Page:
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The Importance of Clinical Variables in Comparative Analyses Using Propensity-Score Matching

The Case of ESA Costs for the Treatment of Chemotherapy-Induced Anaemia

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  • 14 Citations

Abstract

Background

The erythropoiesis-stimulating agents (ESAs) epoetin alfa (EA) and darbepoetin alfa (DA) have comparable efficacy in treating chemotherapy-induced anaemia (CIA). Therapy choice depends on many factors, including cost. Previous estimates of ESA cost differences have been derived from claims data. These data lack clinical variables, such as baseline haemoglobin (Hb) level, which are likely to influence choice of ESA, dosing and costs. We estimated cost differences between DA and EA in patients with cancer receiving chemotherapy, using a propensity-score matched analysis of baseline patient characteristics with and without Hb values to assess the effect of this clinical variable on ESA cost estimates.

Methods

Data were extracted from electronic medical records in two US databases between January 2004 and December 2006. The study sample included 6743 patients receiving chemotherapy, with one or more visits during the study period, who received an ESA during a chemotherapy episode. Episodes of chemotherapy care were constructed using a 90-day gap in administration to identify the start and end. Patients receiving both DA and EA during their initial chemotherapy episode or with missing data were excluded, representing 42% of patients with CIA receiving an ESA. Drug costs were calculated from the cumulative dose multiplied by 106% of the average sales price (ASP) for DA or EA. Two propensity-score matches were conducted: first using variables available in administrative billing claims systems, then adding the baseline Hb test result. Regression-adjusted cost differences were estimated with and without baseline Hb, using generalized linear models.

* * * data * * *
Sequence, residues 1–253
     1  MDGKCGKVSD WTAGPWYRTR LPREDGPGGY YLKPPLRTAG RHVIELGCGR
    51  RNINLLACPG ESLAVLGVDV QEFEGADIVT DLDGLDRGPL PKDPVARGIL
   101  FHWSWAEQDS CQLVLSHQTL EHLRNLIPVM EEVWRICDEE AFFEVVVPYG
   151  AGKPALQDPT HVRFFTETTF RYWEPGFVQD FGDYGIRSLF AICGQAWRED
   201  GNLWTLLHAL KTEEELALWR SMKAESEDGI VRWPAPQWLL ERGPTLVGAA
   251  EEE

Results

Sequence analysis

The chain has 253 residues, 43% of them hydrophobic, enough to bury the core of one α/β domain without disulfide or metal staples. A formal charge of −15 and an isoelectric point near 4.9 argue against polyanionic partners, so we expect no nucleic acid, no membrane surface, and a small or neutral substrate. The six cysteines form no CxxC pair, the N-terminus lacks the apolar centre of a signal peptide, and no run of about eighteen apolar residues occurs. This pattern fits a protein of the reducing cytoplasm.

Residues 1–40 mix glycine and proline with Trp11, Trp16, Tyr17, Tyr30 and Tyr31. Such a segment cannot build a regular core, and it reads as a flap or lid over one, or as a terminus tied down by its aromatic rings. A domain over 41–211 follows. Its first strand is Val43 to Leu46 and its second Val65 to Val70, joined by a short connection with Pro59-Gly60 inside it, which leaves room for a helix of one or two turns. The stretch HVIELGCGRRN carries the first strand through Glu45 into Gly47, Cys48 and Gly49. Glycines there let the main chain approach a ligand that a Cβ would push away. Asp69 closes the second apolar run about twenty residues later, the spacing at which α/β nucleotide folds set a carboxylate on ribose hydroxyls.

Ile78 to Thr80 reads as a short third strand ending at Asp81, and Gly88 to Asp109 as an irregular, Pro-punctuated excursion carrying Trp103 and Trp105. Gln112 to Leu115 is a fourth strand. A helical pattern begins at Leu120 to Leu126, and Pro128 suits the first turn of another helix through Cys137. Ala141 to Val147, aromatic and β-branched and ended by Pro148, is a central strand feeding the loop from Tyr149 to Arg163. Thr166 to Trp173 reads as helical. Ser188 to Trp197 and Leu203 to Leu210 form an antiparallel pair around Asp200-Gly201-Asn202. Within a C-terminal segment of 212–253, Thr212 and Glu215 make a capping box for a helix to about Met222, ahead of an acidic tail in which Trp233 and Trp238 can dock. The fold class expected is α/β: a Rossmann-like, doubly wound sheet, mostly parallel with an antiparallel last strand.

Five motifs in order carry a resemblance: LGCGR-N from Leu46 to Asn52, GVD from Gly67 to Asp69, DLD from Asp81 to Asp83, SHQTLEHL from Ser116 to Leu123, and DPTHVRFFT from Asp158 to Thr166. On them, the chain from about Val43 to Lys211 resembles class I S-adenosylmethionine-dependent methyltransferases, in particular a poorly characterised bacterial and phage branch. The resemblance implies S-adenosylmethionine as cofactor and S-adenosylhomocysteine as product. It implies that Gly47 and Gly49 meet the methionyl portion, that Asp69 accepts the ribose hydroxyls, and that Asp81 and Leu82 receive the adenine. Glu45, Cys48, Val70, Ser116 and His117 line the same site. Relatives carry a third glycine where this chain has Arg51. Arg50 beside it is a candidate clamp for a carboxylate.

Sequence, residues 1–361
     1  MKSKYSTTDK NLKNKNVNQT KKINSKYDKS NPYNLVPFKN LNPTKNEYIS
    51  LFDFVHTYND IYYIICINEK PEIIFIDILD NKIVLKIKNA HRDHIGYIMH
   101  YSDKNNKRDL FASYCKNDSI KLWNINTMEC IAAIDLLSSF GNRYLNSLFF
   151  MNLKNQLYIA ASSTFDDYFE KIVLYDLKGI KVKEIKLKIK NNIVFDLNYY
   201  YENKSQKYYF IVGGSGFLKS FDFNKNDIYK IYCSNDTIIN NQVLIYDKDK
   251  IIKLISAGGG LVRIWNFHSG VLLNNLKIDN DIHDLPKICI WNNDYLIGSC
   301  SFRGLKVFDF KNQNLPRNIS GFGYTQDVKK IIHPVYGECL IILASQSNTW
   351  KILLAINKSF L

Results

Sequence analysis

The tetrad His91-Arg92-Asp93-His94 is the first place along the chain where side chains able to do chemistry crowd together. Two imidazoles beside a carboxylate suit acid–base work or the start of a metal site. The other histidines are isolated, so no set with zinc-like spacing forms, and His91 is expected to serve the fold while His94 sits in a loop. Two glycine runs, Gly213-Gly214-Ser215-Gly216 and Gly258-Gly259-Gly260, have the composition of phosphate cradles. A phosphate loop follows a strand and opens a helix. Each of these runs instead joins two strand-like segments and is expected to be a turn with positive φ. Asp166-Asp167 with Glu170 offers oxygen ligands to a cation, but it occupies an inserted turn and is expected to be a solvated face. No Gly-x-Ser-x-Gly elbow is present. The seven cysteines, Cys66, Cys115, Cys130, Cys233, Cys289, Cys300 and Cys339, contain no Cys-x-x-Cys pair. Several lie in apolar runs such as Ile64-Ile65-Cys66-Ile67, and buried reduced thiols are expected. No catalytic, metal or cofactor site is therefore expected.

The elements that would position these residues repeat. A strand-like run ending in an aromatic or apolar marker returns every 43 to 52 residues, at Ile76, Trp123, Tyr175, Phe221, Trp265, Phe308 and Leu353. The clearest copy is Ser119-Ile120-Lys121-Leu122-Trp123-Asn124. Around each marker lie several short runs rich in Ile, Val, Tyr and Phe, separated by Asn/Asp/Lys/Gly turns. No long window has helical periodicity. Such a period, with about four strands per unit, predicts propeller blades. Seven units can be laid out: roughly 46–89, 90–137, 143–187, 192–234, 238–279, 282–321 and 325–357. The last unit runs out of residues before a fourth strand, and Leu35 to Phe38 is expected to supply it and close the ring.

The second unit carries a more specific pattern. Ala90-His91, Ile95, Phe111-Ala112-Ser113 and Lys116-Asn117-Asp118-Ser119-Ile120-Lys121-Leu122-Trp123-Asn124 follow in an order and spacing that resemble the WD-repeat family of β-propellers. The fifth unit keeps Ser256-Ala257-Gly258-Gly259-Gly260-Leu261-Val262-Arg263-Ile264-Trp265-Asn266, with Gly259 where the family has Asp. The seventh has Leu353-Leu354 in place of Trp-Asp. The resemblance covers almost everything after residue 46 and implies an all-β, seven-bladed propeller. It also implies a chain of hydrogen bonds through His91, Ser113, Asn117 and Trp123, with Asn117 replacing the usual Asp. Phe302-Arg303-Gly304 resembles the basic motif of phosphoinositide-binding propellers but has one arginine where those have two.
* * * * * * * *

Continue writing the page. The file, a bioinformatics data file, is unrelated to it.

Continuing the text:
Results

Using baseline Hb levels resulted in a better match of the baseline characteristics for the EA and DA treatment groups than the original sample or the matched sample without Hb variables. Mean ESA costs (year 2007 values) for the original sample were $US4171 for EA and $US3811 for DA (mean difference $US360; p<0.001, standard error [SE] $US99). With propensity-score matching without Hb variables, mean estimated costs were $US3836 for EA and $US3599 for DA (mean difference $US237; p = 0.053, SE $US123). With propensity-score match including Hb variables, mean costs were $US3965 for EA and $US3536 for DA (mean difference $US429; p = 0.001, SE $US125). Cost differences in sensitivity analyses ranged between $US102 (p = 0.201) and $US261 (p = 0.003).

Conclusions

Addition of baseline Hb level as a variable in propensity score and ESA cost models affects ESA treatment cost estimates in patients with cancer receiving chemotherapy. Cost comparisons based on observational data should use analytical methods that account for differences in clinical variables between treatment groups.

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Correspondence to Dr Jerrold Hill.

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Polsky, D., Eremina, D., Hess, G. et al. The Importance of Clinical Variables in Comparative Analyses Using Propensity-Score Matching. Pharmacoeconomics 27, 755–765 (2009). https://doi.org/10.2165/11313860-000000000-00000

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Keywords

  • Propensity Score
  • Cost Difference
  • Darbepoetin Alfa
  • Matched Sample
  • Average Sales Price